Photography by Studio Tomás Saraceno, © 2014

Fiona Gannon: Update on the spider-human jam sessions

I have done some more reading up on this exhibition, and there is a dedicated website here should anybody be interested in finding out more. Apparently spiders serenade each other as a mating ritual using the strings of their webs as instruments, or at least that is how it has been interpreted, and so the musical idea stems from that. The vibrations sent through their structures can signal prey, a love interest, or a warning from other spiders of a potential threat. The tensile structures act as a medium for communication for spiders, and so Saraceno is attempting to

tap into that network via resonances and vibrations.

Photography by Studio Tomás Saraceno, © 2015

My concern about the spiders’ voices has diminished slightly with this understanding of resonance being a key player in spider communication.  Tests are being carried out on the webs to measure their vibration, and the team is monitoring the communication between the spiders using piezo-electric transducers and lasers. Saraceno and his team are like the NSA for spiders, except they are listening in on an unknown and unknowable language.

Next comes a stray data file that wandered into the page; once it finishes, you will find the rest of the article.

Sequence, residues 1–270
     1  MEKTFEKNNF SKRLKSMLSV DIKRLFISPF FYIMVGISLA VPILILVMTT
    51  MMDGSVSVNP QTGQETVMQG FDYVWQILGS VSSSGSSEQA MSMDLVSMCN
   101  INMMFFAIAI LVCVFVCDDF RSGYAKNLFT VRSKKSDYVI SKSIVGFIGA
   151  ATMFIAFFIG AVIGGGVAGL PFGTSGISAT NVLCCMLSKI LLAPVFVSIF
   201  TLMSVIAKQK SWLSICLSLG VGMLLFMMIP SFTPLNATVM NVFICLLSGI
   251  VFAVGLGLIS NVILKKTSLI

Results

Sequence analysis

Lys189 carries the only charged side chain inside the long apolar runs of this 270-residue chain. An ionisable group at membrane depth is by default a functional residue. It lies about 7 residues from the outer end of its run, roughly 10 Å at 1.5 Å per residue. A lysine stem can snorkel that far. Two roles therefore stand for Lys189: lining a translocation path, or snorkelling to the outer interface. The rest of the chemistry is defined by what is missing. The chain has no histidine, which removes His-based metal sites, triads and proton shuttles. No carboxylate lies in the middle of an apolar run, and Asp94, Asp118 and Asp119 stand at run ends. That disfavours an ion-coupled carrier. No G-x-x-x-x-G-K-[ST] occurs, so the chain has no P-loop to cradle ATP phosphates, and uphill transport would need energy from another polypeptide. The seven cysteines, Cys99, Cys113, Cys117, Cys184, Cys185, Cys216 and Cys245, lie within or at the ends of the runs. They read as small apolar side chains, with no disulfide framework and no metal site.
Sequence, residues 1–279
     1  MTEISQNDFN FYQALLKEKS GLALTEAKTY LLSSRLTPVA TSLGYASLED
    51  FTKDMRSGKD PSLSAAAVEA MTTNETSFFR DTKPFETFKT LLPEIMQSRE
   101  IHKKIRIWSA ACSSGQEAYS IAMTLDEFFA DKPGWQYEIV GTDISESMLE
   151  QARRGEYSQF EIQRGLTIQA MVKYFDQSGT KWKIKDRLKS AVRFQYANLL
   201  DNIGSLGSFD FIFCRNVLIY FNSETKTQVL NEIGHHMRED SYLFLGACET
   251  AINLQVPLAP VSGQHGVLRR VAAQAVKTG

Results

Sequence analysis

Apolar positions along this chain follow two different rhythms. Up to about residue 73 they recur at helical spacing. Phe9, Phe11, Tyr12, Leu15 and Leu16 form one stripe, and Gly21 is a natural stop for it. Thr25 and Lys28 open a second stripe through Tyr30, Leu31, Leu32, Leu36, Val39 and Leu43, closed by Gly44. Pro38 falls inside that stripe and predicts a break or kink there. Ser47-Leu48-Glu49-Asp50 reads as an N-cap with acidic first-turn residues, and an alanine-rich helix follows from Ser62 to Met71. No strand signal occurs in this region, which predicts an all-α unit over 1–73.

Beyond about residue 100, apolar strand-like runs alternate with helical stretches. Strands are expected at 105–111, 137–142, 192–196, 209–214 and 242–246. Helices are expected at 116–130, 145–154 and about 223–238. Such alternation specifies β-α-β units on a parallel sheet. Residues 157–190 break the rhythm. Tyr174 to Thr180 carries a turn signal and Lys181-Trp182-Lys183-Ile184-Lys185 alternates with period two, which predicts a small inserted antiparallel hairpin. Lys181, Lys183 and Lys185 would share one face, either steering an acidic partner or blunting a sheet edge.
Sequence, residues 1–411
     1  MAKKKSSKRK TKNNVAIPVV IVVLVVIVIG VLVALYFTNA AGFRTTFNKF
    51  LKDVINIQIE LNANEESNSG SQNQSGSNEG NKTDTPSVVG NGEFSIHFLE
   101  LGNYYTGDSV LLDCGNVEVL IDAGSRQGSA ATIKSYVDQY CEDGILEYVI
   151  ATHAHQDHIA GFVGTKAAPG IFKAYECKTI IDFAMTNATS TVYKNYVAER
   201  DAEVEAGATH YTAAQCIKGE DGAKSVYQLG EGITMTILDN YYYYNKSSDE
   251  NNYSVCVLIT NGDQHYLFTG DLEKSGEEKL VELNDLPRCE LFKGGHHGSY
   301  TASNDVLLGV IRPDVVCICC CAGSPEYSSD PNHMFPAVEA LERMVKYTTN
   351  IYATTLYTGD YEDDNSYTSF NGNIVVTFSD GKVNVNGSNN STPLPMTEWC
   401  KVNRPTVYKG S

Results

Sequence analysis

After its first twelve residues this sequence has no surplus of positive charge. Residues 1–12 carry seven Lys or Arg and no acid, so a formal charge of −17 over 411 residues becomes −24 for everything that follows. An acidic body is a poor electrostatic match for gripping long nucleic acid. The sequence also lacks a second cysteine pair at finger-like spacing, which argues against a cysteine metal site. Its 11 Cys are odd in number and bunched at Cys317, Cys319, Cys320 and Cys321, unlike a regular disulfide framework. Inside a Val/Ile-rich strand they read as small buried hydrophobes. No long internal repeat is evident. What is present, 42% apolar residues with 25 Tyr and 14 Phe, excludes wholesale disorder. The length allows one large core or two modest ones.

Photography by Studio Tomás Saraceno, © 2015

“A touch of anthropomorphism, then, can catalyze a sensibility that finds a world filled not with ontologically distinct categories of beings (subjects and objects) but with variously composed materialities that form confederations.” This quote, taken from Vibrant Matter, and included on the Arachnid Orchestra website under “Research,” makes a case for the usefulness of anthropomorphising non-humans. Jane Bennett sees this as a potential catalyst for a sensitivity that can look beyond categorisations such as ‘spider’ and ‘human.’ The common space, or common materiality, in this case would be the string and vibration, and this can be looked at as a means of forming a ‘confederacy’ around this shared thing. One thing that strikes me about Bennet’s quote here, is that she is refering to “a world” and not worlds. Could the world here be the world of webs, vibrations and resonances? Is material sensitivity a possibility for a common ground between human and non-human actors?


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